, and fingers in Middle C position. Associating the same finger with the same note helps alot to reinforce the short
and long term memory of the note location/note name. This creates a secure foundation to note reading/piano playing for a
young beginning student.
Piano Lesson Quotes from MisterEvan:
1. "Middle C is the same on the page for both hands...stem goes up for one and
down for the other!
2. "It took me thirty years to figure out that fingers of the C scale going up, are the
same exact finger numbers going down!"
3. "The C scale fingering is: 123 HOP 12345"
4. "pinky goes on g"
5. "It takes 3 chords to play 90% of music."
6. "Heart and Soul is a great way
to learn 4 of your chords"
7. "There are 7 letters on the keyboard....ABCDEFG...that's all!."
Frustration Level in a Child when
Learning the Piano
Frustration is Communication.
It tells a piano teacher when something is not working and correction must be made-- instantly! That telltale sign...quiet,
slight head bend, a slight watery eyeball, these communications are very very important. Sometimes you get lucky.. the other
day, I asked my student about her eyes. She told me she had allergies. I breathed a sigh of relief. If a teacher catches frustration
early, huge changes can be made in the attitudes of students toward piano. The famous teacher Suzuki, said music making needs
to be approached with JOY. Does Frustration equal Joy? Without a doubt, 90% of piano dropouts are caused
by inexperienced teachers that are not attuned to the warning signs of frustration and the need to make adjustments at the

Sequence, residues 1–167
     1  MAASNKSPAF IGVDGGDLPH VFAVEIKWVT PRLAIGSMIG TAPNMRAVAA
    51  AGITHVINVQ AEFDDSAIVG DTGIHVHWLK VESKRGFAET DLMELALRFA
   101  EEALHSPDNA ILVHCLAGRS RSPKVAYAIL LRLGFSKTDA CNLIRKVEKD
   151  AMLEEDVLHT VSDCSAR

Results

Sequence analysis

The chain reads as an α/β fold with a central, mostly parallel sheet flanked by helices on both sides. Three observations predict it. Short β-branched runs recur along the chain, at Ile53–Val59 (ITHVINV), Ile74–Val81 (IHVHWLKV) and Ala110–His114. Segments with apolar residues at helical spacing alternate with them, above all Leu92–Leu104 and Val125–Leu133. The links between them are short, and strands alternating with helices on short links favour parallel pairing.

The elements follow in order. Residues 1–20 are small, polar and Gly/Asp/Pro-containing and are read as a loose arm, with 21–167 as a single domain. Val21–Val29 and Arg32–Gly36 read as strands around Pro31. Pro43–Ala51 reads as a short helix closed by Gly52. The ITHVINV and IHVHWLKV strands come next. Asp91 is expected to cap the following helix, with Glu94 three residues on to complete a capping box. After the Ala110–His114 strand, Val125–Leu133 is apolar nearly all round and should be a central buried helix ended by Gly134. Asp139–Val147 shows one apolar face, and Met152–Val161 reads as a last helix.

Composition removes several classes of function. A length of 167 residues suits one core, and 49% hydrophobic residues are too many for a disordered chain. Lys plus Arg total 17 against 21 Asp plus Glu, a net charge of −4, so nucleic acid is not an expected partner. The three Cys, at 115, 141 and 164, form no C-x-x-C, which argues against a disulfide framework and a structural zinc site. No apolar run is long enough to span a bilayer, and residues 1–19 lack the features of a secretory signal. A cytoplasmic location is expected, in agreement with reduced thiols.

lesson. When you hear someone say about piano lessons.."I wish I had continued"...that is a product of a teacher
who needed to know much more about paving the road for their piano student. A teacher trained in performance never hurts...A
teacher who plays beautifully will add inspiration to your child's lessons. You want to have meaning and inspiration
in your lessons...otherwise piano practice can be drudgery. Is your student reaching for the sound-beautiful? Frustration
does not equal Joy. On the other hand, if your student is one of the 10--20 % that has a high frustration threshold, be sure
that your teacher is paving the road with pieces that they can be successful in. Little by little, building success
with positive happy feedback, they will go just as far and learn confidence, persistence and self esteem in their accomplishments!
What would it be like to have shared song with a neighbor in the community? Well, just 50 years ago
piano bars were the mainstay in a variety of public places and we did just that. The general public sang these songs
together, danced these songs together. Now it would seem that most young people have little idea of American
Music. All the songs once known, are lost. For example, I ask my students whether they know Oh Susanna, and they say... "No".
That something missing
is part of the fabric that holds our uniquely American culture together. When there was common song
there was...well there just was more in common.
was the instrument that represented that togetherness as a culture. People would sit around the piano bar
an request songs. Usually the musician was someone of real ability and talent...Our culture had a real respect for performance
and good music. I think what we might be asking ourselves is... "How
can we bring some of this back?" Perhaps these questions shed some light, from
a pianistic point of view, on some of the challenges we face today as a society and culture.